The guidance I provide most often to internal auditors is to "follow the risk." It's easy for internal auditors to go through our own process of assessing risk in an organization and auditing against those risks. But if we are focused on the wrong risks — that is, risks that are different from the ones senior management and the board are worried about — then I think we ought to ask ourselves why.
I'm not saying that you should take management's assessment of the right risks as gospel. I'm saying that if you've compiled a list of things that are keeping your stakeholders awake at night, and that's not what they say is keeping them awake at night, then you need to be able to speak to why. This is along the same lines of my recent post on alignment, Are You Auditing Up the Wrong Tree?
So what risks are on management's radar? Accenture recently surveyed C-level executives from 446 global companies in the banking & capital markets, insurance, energy & utilities, health, and public service industries. Detailed results of the annual survey aren't due out until later this month, but Accenture has been posting infographics on its website to whet our appetite.
Legal risks made the list for 62 percent of executives, followed by business risks (52 percent) and regulatory requirements (49 percent). Strategic risks, operational risks, credit risks, and market risks all ranked in the mid-40 percent range. Virtually all (97 percent) said risk management is a higher priority for them than it was two years ago, and more than 80 percent said risk managers discuss risk regularly with the board.
The risks that an organization faces are constantly ebbing, they're constantly flowing, and they're constantly evolving. You have to continuously recalibrate and realign as an internal auditor, because organizations' portfolios of risks are moving targets.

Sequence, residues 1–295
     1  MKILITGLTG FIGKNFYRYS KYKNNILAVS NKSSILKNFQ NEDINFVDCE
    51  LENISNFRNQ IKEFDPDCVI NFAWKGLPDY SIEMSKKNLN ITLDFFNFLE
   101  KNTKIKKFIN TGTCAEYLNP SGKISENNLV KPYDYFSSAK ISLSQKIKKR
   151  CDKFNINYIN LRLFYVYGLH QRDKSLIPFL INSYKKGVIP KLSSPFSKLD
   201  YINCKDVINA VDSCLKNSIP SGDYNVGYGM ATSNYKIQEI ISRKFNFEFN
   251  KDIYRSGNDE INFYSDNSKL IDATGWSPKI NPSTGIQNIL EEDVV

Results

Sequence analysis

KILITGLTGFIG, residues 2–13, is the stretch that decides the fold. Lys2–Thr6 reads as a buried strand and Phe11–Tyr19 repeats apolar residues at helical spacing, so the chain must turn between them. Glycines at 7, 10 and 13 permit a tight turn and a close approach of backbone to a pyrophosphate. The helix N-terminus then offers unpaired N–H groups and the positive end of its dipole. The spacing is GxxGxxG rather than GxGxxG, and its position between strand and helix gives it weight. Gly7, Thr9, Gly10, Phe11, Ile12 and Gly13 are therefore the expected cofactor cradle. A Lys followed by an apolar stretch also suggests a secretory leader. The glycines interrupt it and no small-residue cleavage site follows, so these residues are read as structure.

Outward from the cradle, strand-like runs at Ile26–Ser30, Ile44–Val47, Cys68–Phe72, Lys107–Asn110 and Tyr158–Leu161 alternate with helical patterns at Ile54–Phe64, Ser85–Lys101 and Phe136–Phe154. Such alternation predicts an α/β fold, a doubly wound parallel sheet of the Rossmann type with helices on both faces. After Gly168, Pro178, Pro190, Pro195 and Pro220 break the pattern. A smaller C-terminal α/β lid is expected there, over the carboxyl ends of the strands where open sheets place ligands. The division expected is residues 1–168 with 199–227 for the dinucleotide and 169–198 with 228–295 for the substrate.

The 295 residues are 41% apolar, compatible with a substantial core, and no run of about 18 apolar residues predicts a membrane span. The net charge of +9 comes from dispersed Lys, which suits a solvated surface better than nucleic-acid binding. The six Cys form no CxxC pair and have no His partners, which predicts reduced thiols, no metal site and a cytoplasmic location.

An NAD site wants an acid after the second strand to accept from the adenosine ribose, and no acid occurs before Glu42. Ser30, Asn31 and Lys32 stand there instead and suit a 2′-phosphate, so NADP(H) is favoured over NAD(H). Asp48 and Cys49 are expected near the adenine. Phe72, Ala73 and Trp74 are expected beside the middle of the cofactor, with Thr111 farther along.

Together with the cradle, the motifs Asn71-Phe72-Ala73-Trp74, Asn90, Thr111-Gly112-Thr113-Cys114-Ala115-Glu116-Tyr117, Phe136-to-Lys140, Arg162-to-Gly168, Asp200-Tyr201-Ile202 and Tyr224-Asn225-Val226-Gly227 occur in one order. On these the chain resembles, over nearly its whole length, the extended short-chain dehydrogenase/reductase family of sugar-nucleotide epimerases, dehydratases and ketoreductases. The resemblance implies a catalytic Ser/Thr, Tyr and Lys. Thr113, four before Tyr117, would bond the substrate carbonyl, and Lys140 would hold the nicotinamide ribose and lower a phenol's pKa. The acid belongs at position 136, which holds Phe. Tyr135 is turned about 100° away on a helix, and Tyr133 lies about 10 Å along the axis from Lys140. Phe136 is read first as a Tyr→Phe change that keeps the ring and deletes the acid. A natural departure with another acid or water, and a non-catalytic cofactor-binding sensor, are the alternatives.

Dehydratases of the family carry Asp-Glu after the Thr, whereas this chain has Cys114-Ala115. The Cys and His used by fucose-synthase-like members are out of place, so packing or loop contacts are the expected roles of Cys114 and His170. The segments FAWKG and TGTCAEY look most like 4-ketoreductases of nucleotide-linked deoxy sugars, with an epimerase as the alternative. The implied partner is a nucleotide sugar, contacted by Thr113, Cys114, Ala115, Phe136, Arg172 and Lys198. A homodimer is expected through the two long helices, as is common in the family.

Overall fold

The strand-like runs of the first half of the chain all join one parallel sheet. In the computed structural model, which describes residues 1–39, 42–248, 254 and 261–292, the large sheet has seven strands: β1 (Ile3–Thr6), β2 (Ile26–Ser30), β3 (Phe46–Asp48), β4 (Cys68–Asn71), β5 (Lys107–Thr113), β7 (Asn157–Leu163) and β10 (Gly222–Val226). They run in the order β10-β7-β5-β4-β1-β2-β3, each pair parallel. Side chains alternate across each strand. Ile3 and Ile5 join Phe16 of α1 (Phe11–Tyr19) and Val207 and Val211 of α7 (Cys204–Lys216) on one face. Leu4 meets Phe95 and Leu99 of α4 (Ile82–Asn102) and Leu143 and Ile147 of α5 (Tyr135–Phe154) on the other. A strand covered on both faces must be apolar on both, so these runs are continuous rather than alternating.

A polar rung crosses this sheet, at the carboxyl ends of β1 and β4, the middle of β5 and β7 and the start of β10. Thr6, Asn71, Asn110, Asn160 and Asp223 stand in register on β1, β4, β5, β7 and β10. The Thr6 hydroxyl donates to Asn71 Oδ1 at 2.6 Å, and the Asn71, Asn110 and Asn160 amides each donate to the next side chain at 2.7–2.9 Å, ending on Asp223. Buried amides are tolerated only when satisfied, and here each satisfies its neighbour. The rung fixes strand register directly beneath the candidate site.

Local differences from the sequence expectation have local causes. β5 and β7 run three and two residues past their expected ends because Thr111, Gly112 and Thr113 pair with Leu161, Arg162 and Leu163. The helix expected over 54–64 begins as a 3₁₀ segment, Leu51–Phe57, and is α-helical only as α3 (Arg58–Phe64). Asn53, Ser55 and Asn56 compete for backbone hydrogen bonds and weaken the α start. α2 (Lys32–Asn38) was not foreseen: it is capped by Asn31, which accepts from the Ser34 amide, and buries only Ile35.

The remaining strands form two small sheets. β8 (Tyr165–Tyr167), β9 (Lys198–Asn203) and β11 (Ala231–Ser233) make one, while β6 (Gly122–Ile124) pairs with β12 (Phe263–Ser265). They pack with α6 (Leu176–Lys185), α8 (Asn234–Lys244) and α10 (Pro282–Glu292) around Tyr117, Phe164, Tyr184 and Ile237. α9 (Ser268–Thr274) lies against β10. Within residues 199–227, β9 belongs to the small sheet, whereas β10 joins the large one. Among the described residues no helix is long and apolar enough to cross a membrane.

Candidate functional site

So what is keeping executives up at night? More than 90 percent of those in the Accenture poll said risk management was critical in areas such as compliance and reputation management.
An opportunity for those of us in the internal audit profession is presented by the fact that less than 30 percent of those executives claimed to be using their risk management capabilities effectively in those areas.
One reason for this may be that only 8 percent of the survey population considered themselves to be trained in risk management and mitigation. These are so-called "risk masters" who, though only a small percentage of the survey sample, tended to be more focused on strategic and emerging risks.
Accenture's survey suggests that executives are going to be looking for guidance when it comes to risk management assurance. I think that's a real opportunity for internal auditors skilled in risk management — such as, say, the more than 13,000 of you who have obtained your Certification in Risk Management Assurance (CRMA).
How do things look within your organization? Are you focused on the right risks? How do you calibrate that? Tell us what works for you.